Scoville BA, Mueller BA.; Am J Kidney Dis. 2013 Mar;61(3):490-500.
Critically ill patients with acute kidney injury may be treated with a variety of renal replacement therapies (RRTs). Each of these RRTs has profound yet differing effects on drug dosing...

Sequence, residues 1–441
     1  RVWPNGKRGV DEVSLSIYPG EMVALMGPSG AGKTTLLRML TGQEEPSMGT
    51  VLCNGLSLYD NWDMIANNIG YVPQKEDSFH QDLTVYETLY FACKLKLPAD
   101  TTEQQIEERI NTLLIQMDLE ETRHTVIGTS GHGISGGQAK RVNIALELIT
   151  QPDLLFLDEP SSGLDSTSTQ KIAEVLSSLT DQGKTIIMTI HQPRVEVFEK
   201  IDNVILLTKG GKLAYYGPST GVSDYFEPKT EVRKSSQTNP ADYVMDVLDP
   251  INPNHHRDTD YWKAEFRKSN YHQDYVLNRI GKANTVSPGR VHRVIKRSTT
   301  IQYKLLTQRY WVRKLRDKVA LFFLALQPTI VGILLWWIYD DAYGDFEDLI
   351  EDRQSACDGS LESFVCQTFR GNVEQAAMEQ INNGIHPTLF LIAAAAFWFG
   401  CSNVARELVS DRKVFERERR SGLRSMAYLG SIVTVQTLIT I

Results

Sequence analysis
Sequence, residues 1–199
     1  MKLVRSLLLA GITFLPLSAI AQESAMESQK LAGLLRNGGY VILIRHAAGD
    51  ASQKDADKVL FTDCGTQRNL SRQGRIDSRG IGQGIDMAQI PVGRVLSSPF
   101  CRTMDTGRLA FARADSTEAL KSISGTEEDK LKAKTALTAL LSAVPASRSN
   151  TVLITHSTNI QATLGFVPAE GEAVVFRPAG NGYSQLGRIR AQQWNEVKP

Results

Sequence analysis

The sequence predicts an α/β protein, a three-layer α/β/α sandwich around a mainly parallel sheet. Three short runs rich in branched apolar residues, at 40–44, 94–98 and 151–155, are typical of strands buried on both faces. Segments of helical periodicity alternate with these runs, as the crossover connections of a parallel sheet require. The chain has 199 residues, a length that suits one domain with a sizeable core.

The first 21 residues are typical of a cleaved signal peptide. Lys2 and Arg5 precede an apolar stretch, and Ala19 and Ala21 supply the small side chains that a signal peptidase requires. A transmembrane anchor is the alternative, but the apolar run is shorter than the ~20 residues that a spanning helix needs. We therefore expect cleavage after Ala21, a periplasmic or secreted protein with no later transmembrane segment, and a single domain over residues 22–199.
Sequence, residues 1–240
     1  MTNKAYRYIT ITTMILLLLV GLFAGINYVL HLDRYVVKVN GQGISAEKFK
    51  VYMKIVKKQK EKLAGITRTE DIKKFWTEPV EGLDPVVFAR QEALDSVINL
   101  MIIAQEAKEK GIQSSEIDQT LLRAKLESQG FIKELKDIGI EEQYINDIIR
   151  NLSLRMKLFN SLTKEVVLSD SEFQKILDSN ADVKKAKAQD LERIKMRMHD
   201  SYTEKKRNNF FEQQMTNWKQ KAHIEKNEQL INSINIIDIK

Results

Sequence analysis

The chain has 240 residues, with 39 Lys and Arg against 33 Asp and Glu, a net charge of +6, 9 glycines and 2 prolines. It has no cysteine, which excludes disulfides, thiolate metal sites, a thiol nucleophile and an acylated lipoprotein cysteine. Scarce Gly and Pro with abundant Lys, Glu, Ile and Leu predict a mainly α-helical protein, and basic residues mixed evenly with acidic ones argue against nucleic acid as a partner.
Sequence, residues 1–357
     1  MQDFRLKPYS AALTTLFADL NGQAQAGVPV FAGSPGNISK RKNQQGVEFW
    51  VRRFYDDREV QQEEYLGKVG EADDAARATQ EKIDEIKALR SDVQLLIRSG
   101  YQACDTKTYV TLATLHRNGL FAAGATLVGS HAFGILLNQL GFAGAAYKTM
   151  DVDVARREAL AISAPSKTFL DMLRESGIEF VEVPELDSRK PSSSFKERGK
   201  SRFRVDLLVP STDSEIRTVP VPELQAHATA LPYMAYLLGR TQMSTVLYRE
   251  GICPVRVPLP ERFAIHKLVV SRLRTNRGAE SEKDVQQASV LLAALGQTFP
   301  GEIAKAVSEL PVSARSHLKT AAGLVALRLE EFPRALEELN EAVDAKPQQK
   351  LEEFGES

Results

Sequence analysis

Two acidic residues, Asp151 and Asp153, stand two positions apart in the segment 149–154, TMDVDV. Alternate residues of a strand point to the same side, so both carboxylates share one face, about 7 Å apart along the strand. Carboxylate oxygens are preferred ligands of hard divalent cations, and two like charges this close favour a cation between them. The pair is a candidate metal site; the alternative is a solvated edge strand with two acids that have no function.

Although the doses of some drugs can be titrated to an immediately observable pharmacodynamic effect, the effects of many drugs, such as antibiotics for example, are not immediately apparent. Attainment of desired pharmacodynamic response is a complex interplay between patient, RRT, and pharmacokinetic factors. In the case of antibiotics, microorganism-specific factors also must be considered. Rational and effective drug dosing in this clinical setting cannot occur until all these issues are addressed by the clinician. Failure to account for the pharmacokinetic influences of critical illness, kidney disease, and choice of intermittent hemodialysis or prolonged intermittent or continuous RRT can contribute to the high mortality rates seen in these patients. Pharmacotherapy considerations for each of these therapies are addressed in this article by applying them to a patient case.


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